He’s been one of the most visible and deep-pocketed liberals advocating for President Trump’s impeachment. Now he’s in the race for the Democratic nomination.

Tom Steyer, the billionaire investor and activist, is spending the weekend campaigning in South Carolina, which is holding the second primary after New Hampshire.

Steyer, 62, surprised many Democrats in January when he traveled to Iowa, home to the nation’s first presidential caucus, to declare that he would focus entirely on the impeachment effort instead of seeking the White House.

Since then, Steyer has said he’s grown frustrated at the pace at which the Democratic-controlled House is approaching Trump.

Roughly half of the Democratic presidential contenders, seeking to appeal to the party’s progressive base, have called on House Democrats to start an impeachment inquiry.

But Speaker Nancy Pelosi has resisted, warning that Democrats need to collect the facts and that a rush to impeachment could ultimately help Trump politically.

Despite becoming a national voice on the impeachment issue, Steyer made no mention of it in his campaign announcement earlier this week.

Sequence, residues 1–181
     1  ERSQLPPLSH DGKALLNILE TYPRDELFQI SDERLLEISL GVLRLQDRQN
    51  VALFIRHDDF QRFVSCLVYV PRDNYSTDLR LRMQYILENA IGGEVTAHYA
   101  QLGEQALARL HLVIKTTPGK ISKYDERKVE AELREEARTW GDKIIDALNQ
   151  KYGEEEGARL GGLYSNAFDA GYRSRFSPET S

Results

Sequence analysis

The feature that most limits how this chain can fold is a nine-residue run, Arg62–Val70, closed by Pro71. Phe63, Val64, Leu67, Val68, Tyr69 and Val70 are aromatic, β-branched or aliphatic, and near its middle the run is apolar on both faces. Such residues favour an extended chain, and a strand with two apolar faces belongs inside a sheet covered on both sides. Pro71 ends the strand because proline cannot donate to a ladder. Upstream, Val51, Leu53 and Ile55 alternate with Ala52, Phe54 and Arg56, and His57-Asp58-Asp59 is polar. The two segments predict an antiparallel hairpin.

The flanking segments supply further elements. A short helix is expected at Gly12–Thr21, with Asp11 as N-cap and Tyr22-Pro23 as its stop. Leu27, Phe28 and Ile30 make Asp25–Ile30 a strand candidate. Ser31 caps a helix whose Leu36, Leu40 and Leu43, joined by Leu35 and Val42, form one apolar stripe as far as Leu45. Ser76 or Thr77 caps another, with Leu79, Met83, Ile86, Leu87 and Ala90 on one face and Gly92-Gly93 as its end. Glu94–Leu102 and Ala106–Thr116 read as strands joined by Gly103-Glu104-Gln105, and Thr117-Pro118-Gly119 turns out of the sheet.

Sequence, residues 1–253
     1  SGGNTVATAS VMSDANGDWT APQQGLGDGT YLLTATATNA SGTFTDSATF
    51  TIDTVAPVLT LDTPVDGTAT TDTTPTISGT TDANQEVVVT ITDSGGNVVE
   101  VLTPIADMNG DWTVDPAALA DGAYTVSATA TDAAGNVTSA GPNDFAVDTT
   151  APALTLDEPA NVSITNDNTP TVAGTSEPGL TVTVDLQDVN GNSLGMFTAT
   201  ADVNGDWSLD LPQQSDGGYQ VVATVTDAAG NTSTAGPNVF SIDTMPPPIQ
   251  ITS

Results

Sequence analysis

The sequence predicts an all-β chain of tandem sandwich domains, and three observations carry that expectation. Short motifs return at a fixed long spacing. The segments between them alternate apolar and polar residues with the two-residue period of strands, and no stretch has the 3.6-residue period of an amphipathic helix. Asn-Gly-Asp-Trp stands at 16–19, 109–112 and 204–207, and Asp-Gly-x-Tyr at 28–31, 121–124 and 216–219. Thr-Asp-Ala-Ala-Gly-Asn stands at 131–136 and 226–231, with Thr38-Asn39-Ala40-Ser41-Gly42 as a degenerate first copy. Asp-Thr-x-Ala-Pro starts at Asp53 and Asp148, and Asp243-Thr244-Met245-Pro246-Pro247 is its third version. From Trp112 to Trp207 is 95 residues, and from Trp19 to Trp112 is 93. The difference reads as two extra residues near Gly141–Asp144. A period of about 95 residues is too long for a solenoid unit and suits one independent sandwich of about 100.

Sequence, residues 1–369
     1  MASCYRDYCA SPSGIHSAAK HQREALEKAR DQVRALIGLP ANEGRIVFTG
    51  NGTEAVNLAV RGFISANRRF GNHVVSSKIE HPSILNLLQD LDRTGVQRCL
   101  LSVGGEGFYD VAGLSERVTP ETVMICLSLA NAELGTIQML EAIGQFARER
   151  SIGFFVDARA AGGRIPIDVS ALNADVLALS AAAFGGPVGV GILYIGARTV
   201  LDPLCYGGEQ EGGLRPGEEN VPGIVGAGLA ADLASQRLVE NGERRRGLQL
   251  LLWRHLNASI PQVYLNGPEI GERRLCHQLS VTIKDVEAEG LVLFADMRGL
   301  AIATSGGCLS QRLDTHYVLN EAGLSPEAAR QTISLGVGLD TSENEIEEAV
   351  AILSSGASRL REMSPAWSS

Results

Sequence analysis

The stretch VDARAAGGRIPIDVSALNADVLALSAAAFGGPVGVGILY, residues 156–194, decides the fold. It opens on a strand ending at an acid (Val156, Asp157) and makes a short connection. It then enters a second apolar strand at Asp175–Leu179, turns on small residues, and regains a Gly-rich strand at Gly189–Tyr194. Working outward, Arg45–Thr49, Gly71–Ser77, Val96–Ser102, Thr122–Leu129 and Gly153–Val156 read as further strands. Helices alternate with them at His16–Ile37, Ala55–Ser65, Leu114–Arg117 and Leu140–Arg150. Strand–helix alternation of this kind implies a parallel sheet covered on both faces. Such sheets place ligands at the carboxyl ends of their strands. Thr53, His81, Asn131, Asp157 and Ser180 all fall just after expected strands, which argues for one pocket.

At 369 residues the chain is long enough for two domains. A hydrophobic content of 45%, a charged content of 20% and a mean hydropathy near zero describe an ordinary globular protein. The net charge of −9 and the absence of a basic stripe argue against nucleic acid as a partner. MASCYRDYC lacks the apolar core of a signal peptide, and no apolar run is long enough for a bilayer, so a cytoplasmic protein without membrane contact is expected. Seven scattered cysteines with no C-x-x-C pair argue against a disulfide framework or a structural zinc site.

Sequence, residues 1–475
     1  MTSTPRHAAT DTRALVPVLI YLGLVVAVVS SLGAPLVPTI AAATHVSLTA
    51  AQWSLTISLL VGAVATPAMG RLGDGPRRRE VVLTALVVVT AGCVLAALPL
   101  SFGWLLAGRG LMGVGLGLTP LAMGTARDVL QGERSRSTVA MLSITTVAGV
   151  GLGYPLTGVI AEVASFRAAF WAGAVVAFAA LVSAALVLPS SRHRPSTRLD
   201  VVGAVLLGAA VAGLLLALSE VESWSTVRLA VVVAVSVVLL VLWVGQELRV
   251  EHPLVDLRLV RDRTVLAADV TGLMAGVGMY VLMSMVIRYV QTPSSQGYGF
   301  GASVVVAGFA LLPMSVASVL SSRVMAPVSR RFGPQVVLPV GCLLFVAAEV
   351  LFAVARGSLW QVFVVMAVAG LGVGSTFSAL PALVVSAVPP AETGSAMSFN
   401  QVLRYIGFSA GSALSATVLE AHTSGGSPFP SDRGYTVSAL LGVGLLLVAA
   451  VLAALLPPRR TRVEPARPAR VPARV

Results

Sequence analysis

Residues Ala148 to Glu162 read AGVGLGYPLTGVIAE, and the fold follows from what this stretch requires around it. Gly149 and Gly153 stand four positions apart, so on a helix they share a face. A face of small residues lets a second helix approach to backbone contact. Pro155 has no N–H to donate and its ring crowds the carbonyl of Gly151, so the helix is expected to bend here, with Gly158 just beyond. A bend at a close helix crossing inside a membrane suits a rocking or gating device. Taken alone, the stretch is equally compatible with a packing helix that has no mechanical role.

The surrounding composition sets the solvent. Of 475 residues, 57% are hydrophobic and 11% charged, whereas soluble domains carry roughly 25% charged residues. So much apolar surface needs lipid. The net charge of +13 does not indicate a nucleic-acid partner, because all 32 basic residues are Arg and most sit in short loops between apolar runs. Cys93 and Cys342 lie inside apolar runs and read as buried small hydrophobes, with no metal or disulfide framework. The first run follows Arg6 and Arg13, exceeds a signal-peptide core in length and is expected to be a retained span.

Instead, he said his campaign will focus on reducing the influence of corporations in politics.

Steyer joins the race three weeks before the next presidential debates, and he could struggle to get a spot on the stage.

He likely won’t meet polling requirements to participate but could clear a fundraising threshold.

There are 20 spots at the debate for a field that includes two dozen candidates.

If more than 20 people qualify, the Democratic National Committee will hold a tiebreaker to determine who gets on stage.

Steyer also could potentially face challenges hiring staff.

Several of his former NextGen America staffers have joined Inslee’s campaign.

A former Steyer spokeswoman, Aleigha Cavalier, recently joined Beto O’Rourke’s 2020 campaign.

The sprawling Democratic field is in flux as Steyer becomes the newest contender.

Some lower-tier candidates are facing increasingly dire prospects if they don’t secure spots on the debate stage this fall.

California Rep. Eric Swalwell exited the race Monday , and former Colorado Gov. John Hickenlooper’s campaign has undergone a shake-up after his debate performance last month, with some staffers encouraging him to consider a Senate campaign instead.

This is not the first time Steyer has considered running for office.

He eyed bids for governor of California in 2018 and the Senate in 2016.

His net worth, according to Forbes, is estimated at $1.6 billion.

 

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